Review of Genetics of Lake Trout in the Great Lakes: History, Molecular Genetics, Physiology, Strain Comparisons, and Restoration Management

January 1, 1995 - Author: Charles C. Krueger; Peter E. Ihssen

Journal or Book Title: Journal of Great Lakes Research

Keywords: Siscowet; reproduction; stocking; mitochondrial DNA; genetics; lake trout; Great Lakes

Volume/Issue: 21 (Supplement 1)

Page Number(s): 348-363

Year Published: 1995

This paper reviews historical differences among native lake trout (Salvelinus namaycush) populations, genetic comparisons of populations, heritability of physiological traits, performance ofstrains after stocking, and the role of genetics in management. Differences among lake trout were historically recognized by aborignal people, Jesuit missionaries, and French voyageurs, and later by naturalists and biologists. Lean trout represented trout that typically spawned on shallow rocky shoals. Exceptions included river spawning populations in Lake Superior and stocks reported to spawn over beds of algae in Lakes Superior and Michigan. Sisco wets had high fat content, were caught in deep water, and likely spawned year-round. Humpers resembled the siscowet but had thin ventral body walls, intermediate fatcontent, and small size at maturity. The siscowet form and different stocks of lean trout were reported from all the Great Lakes except Lake Ontario. Data from chromosomal banding, allozyme data, and mitochondrial DNA analysis confirmed that genetic differences occur among the three forms. Genetic data also provided evidence for distinctive populations within forms. Fat content, swimbladder gas retention, and developmental rates of eggs were different among some populations and appear to be heritable. Differences among strains after stocking have occurred in survival, dispersal from stocking location, depth distribution, and reproduction. Genetic considerations have been incorporated in species restoration plans but full use has not been made of available genetic information about lake trout. Reproductive performance of different strains should be a central focus in the evaluation of stocking programs. In Lake Superior, high priority should be given to the conservation of native stocks, the last remaining gene pools of Great Lakes lake trout. Goals for management should embrace a vision that restoration is accomplished only when some level of diversity has been re-established. Achievement of restoration should require the existence of naturally-reproducing, self-sustaining populations of different lake trout forms that use a variety of habitats.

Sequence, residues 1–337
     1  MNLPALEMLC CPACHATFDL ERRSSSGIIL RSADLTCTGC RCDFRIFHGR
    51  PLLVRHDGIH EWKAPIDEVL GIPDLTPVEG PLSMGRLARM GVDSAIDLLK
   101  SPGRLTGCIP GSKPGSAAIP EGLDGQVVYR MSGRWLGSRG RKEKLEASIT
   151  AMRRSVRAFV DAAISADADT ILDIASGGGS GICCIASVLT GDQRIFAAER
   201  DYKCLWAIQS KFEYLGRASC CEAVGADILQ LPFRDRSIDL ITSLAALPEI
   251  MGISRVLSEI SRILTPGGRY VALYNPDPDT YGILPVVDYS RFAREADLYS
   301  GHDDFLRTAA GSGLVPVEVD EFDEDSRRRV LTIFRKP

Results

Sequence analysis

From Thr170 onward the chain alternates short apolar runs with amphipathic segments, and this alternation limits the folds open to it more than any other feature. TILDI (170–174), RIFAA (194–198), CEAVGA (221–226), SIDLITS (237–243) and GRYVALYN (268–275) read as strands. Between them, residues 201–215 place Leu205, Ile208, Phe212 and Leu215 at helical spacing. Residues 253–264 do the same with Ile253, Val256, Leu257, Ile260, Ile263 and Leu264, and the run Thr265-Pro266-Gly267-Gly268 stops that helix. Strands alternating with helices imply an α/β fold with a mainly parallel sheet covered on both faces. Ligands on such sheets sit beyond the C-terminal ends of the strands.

Type of Publication: Journal Article

Publisher: International Association for Great Lakes Research


Accessibility Questions:

For questions about accessibility and/or if you need additional accommodations for a specific document, please send an email to ANR Communications & Marketing at